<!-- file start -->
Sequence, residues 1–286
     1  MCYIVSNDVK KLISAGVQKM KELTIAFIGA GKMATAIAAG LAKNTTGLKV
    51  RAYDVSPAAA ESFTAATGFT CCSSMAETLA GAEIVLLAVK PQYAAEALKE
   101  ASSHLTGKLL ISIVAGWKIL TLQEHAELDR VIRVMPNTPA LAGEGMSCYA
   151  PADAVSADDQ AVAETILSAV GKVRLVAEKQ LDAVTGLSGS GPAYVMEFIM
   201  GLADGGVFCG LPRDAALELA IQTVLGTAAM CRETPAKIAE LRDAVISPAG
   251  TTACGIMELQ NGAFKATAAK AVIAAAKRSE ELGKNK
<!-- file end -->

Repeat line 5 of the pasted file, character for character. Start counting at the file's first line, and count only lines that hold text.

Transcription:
   151  PADAVSADDQ AVAETILSAV GKVRLVAEKQ LDAVTGLSGS GPAYVMEFIM